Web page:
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First Responder Peer Support Training Seeks to Lessen the Load

First Responder Peer Support Training Seeks to Lessen the Load

Upstate Warrior Solution (UWS) partnered with Bob Gamble Counseling to offer peer support training to law enforcement, coroners, fire, and EMS personnel on August 9 and 10 at the Rupert Huse Veteran Center in Greenville. Thirty-five first responders from 14 agencies across the Upstate left the training equipped to better address service-related stress and trauma at the peer level.

An initiative of UWS’s First Responder Program and sponsored by North American Rescue, this two-day training not only taught participants to identify stressors and signs of critical burnout but also to support each other through peer counseling.

Greenville PD officer Aaron Bowles, says he attended the training because of the personal impact of peer support in his own service. After turning down a crisis debriefing opportunity at his prior agency in 2016, Bowles says he later realized talking about his experience was the healthiest way to address it. “I want to make sure others can benefit like I did,” he says.

As a military veteran and first responder, Bowles has seen more than most. He served 6 years in the Navy with a deployment to Afghanistan and has been in public service for 14 years, 12 in law enforcement and 2 as an EMT. “The things we experience are profound,” he shares. “First responders, health care workers – we’re asked to be ‘sin eaters.’ We encounter people on their worst days, and we assume a portion of it. It’s a heavy burden to bear. And if that weight isn’t dealt with, we won’t last.”

From Bowles perspective, peer counseling is a tool that should be used more frequently than it is among first responders, not just in the wake of critical or fatal incidents. “On any given day, we can go from a domestic violence situation to a fight-in-progress and then to child abuse call. It all takes an emotional toll. What I’m concerned about is, what happens over 5, 10, 30 years of that? We have to make sure our people are okay and have a healthy way to deal with that stress day to day.”

At his prior agency in North Dakota, Bowles was part of organizing a training to help staff identify critical burnout among their peers. He attended UWS’s training hoping to gain practical tools to help others manage that heavy load. “My biggest takeaway is that being present and caring is the most important, effective way to help a peer who’s struggling,” Bowles shares.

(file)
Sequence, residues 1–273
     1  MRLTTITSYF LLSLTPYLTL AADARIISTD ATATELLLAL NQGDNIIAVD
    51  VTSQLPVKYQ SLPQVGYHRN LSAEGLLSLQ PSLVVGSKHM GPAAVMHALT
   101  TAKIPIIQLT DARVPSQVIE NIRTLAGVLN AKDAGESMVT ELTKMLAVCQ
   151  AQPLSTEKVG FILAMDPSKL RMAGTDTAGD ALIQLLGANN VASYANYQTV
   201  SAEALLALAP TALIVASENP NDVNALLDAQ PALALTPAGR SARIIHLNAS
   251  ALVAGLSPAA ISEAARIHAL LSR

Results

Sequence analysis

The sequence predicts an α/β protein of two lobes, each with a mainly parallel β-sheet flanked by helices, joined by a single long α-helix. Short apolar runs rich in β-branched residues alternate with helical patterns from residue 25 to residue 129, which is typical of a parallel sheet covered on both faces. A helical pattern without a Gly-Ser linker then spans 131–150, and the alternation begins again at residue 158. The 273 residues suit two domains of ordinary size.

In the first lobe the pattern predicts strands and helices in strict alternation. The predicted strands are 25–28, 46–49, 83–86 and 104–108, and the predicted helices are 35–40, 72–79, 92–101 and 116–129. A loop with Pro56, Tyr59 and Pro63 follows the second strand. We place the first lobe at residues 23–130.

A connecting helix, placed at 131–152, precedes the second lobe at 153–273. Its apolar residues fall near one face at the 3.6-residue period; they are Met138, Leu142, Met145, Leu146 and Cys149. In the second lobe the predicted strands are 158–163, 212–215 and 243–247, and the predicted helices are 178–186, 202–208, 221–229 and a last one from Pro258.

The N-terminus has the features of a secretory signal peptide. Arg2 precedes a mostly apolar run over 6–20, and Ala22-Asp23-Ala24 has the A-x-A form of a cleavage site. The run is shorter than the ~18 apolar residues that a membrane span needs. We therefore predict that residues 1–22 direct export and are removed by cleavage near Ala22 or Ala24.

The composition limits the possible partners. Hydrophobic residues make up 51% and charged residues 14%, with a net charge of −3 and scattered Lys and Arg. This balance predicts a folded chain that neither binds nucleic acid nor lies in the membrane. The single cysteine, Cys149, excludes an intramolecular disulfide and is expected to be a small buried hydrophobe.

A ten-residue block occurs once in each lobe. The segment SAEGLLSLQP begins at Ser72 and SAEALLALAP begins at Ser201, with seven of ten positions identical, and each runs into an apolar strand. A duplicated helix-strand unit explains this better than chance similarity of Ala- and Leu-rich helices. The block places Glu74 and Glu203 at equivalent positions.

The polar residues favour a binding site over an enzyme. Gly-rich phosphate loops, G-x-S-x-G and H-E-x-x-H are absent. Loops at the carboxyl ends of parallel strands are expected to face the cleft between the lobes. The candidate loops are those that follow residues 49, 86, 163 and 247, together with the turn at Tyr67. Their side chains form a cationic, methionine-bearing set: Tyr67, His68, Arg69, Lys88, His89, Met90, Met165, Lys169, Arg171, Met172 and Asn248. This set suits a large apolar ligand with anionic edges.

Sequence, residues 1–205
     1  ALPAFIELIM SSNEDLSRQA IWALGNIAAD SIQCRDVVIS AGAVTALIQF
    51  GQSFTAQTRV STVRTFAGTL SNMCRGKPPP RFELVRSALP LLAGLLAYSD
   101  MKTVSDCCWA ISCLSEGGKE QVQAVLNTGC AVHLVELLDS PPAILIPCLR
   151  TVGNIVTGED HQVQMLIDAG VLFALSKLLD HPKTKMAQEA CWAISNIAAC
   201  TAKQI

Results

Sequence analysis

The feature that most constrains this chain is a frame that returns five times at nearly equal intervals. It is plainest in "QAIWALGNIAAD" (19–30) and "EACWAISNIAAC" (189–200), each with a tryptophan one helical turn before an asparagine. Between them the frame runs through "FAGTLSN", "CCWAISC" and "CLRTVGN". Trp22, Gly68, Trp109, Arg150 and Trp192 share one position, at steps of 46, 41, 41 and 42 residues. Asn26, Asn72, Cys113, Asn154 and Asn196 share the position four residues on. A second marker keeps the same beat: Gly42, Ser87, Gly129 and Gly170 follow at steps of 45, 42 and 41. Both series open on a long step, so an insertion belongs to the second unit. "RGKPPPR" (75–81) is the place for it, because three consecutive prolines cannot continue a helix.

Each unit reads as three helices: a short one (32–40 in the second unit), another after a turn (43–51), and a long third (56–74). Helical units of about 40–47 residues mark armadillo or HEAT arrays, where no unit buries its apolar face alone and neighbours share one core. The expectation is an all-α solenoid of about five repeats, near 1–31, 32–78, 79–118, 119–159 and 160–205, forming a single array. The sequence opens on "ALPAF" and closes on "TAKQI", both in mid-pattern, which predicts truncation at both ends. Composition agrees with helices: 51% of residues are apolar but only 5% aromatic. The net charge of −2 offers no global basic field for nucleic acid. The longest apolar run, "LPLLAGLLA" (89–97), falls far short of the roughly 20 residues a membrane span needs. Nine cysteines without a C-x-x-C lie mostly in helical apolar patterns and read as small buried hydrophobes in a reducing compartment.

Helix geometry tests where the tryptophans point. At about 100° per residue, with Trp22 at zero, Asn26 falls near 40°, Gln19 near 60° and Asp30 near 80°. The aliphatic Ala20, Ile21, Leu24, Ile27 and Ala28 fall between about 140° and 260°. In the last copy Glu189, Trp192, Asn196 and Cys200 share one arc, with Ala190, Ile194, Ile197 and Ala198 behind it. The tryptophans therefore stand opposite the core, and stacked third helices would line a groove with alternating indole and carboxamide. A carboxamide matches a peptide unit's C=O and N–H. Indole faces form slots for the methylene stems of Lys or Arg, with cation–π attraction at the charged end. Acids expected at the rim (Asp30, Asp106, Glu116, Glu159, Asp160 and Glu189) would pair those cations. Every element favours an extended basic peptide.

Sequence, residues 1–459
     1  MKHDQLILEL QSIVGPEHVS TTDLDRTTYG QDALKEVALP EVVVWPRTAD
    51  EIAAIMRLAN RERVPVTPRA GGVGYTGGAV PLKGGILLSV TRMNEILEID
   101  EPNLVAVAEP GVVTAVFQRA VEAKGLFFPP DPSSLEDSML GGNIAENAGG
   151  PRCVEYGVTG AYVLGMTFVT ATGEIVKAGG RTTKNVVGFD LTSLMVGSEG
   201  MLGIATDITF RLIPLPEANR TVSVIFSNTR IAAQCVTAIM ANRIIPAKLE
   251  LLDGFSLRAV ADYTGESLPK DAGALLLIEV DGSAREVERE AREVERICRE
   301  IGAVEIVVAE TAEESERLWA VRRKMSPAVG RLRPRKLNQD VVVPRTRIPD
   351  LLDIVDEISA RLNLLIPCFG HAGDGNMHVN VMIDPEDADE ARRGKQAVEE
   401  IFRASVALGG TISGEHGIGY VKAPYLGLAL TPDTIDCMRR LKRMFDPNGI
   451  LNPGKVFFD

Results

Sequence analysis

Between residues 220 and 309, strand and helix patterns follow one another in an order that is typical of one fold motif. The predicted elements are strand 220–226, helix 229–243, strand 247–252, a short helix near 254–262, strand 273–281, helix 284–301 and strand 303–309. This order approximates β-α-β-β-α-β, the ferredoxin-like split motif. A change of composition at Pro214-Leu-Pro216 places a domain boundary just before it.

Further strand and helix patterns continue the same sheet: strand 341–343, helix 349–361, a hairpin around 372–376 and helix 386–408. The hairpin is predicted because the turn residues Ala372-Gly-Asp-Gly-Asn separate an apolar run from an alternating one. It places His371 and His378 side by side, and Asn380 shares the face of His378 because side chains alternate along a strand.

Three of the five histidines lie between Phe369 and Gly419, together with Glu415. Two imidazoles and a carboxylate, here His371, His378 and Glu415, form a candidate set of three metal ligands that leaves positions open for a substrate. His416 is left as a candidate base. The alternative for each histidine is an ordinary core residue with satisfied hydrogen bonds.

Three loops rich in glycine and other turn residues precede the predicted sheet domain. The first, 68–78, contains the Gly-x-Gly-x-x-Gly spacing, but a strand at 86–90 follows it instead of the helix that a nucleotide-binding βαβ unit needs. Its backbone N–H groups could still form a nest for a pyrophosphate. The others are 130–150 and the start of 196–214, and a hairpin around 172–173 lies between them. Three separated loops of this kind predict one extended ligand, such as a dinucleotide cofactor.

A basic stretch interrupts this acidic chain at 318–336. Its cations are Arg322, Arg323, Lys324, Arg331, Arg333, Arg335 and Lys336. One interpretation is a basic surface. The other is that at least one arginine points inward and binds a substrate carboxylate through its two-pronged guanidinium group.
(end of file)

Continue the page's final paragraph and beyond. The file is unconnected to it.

Rather than utilizing role play exercises, instructor Bob Gamble separated participants into groups of three to apply what they learned to real-life experiences. “Sure, it was uncomfortable,” says Bowles. “But it forced us to fulfill the role immediately with something that’s unique and real.” When asked if he found any personal benefit from the triad breakouts, Bowles said yes. “When you discuss traumatic events, there’s a healing process that takes place. Time doesn’t heal all wounds, but talking about it does. Every time I talk about it, it gets a little better.”

Bowles left the training eager to be a resource for his peers, confident he can not only identify an issue but actually help address it before it becomes a problem.

This month’s training is the first of many to be offered through UWS’s First Responder Program. Intended to work in concert with similar training through SC FAST and SC LEAP, UWS’s program intends to fill gaps in the local Upstate community by equipping first responders to provide peer support on a daily basis. A secondary goal is to equip former and retired first responders to serve as mentors for peers transitioning into the civilian workforce. Ultimately, UWS aims to build a network of like-minded first responders–former, retired, or actively serving–who want to stay engaged and provide support to others.

A special recognition to the following agencies; your participation in this inaugural training shows your commitment to the well-being of the individuals in your agencies! Spartanburg County Sheriff’s Office, Anderson County Sheriff’s Office, Fountain Inn PD, Mauldin PD, Simpsonville PD, Laurens PD, SLED, Greenville PD, Greenville Fire Department, Greenville County Sheriff’s Office, Greenville County Coroner’s Office, Greenville County EMS, Prisma EMS, and Probation and Parole.

For more information or to get involved in UWS’s First Responder Program, email